Hackernoon logoFounder Interviews: Marc Köhlbrugge of WIP by@Davis

Founder Interviews: Marc Köhlbrugge of WIP

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@DavisDavis Baer

Host of Hacker Noon Founder Interviews

Marc Köhlbrugge at a WIP meetup

Learn how Marc took a Telegram group chat and turned it into a thriving community of founders and makers, generating over $40,000 in annual revenue.

What’s your background, and what are you working on?

👋 Hi! My name is Marc Köhlbrugge, 31 years old. Born and raised in the Netherlands, but now traveling the world as a digital nomad.

I’ve built dozens of products, but am probably best known for BetaList, and recently WIP and Startup Jobs.

BetaList is a place for early adopters to discover up-and-coming tech startups. In the 8+ years we’ve been in business we’ve seen many startups come and go. Some of the most notable examples are Pinterest, IFTTT, and Airtable which we all featured pre-launch before they were widely known. Revenue (advertising & expedited reviews) is just over $100,000 per year.

WIP (or Work in Progress) is a community of makers shipping together. In a group chat and website we publicly share the tasks we’re working on to keep each other accountable. I started it about 15 months ago. Revenue (memberships) is about $40,000 per year.

Startup Jobs is a search engine for all startup jobs. It features over 30,000 job openings at any given time. Revenue is five-figures a year and fluctuates quite a bit.

What motivated you to get started with your company?

“Everything around you that you call life was made up by people that were no smarter than you and you can change it, you can influence it, you can build your own things that other people can use.” — Steve Jobs

I’ve always been fascinated by seeing people’s work in progress. Whether it’s an artist’s sketchbook, a developer’s prototype, or a musician creating a song. There’s something empowering about seeing creatives turning their ideas into reality.

This led me to the idea of being able to virtually peek over the shoulders of other makers. Seeing what they are working on. What obstacles they struggle with and how they overcome them.

At the same time I also started noticing something interesting about my own productivity: if I would share my work early in the process, it would be much more likely to be successful than when I waited for it to be done. This is why I believe in the importance of releasing a beta version of your product as soon as possible. That lead to BetaList in 2010 and then later to WIP as well.

I’ve built dozens of products over the years that in hindsight can be seen as early WIP prototypes. There was a Campfire chatroom for founders (this was before Slack existed), a daily email for makers to share what they worked on that day, and something akin to a Facebook for makers.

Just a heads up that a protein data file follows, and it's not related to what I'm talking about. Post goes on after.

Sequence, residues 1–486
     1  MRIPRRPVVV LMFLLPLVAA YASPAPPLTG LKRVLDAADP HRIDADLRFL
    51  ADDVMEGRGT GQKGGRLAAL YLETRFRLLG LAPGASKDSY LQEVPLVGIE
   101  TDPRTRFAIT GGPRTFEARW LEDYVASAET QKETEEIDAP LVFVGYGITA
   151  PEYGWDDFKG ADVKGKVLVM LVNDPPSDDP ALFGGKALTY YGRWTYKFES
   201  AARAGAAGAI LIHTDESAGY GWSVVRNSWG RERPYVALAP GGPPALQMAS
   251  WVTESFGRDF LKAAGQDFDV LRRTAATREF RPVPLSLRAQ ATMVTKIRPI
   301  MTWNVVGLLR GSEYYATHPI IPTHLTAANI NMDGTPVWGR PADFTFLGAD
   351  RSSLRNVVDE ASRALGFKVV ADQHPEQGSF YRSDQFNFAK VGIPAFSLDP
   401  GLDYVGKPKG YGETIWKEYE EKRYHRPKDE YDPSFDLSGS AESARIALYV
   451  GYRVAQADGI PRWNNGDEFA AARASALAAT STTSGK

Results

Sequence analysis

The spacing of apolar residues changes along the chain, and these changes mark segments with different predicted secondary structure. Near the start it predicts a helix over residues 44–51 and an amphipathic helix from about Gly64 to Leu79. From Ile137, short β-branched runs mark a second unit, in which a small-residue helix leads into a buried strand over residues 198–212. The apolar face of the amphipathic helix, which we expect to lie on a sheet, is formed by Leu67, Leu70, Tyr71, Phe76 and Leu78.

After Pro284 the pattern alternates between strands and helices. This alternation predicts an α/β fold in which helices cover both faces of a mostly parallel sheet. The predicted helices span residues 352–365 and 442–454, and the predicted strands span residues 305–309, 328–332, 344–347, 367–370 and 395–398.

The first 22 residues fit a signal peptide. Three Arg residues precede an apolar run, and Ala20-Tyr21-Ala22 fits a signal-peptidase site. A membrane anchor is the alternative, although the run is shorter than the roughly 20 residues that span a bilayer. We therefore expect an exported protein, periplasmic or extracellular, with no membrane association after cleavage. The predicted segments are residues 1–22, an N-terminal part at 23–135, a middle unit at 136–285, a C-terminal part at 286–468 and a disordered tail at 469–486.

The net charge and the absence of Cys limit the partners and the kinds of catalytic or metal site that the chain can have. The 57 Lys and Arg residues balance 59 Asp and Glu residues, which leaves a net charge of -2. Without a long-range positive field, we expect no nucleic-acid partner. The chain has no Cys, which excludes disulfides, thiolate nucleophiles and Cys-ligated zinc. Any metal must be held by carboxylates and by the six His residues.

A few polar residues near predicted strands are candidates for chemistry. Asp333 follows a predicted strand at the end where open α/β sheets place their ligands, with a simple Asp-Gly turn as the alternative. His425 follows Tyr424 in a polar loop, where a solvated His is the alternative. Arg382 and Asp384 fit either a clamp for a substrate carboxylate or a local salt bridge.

Prototype of a maker community based on public todos. Never shipped. (2014)
Similar prototype for iPhone app. Never shipped either. (2014)
You can’t really tell from this particular screenshot, but this was part of a social network for makers. Shipped a prototype but over-engineered it, so didn’t work with the limited number of beta testers. (2015)

Many of these products were overly complicated and never shipped to more than a handful of people if any.

WIP is an incarnation of that same idea that finally clicked…

WIP Homepage (january 2019)

What went into building the initial product?

WIP was probably the simplest prototype ever of all my products.

Back in September 2017 I was talking to Pieter Levels and he suggested I start a Telegram group chat for BetaList. I was resistant to the idea at first because all the community group chats I previously tried felt too distracting. I want to do the work, not chat.

At the same time I figured, what’s the worst that can happen? I already use Telegram all day so starting a group chat literally takes a few seconds. Deleting would be just as easy. So I created the chat group and shared it on Twitter:

I’m fortunate enough to have grown an audience on Twitter due to my years of working on BetaList. So when I tweeted about the chat, and some other people like Pieter retweeted it, a few dozen people joined the chat all on that first day.

WIP was truly born when I added a chatbot. I figured it would be interesting for people to tell what they would be working on, rather than just chitchat.

I happened to have built a failed Telegram bot a few weeks before. I copy/pasted that code and modified it such that people could share their todos by typing /todo redesign pricing pagewhich then would be added to an automatically generated profile on a website.